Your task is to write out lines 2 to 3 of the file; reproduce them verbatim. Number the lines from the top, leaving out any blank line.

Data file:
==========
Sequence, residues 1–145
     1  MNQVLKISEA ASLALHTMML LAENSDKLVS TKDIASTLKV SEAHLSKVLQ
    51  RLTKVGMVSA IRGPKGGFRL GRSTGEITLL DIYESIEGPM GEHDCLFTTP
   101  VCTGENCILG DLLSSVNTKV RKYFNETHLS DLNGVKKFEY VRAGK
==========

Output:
     1  MNQVLKISEA ASLALHTMML LAENSDKLVS TKDIASTLKV SEAHLSKVLQ
    51  RLTKVGMVSA IRGPKGGFRL GRSTGEITLL DIYESIEGPM GEHDCLFTTP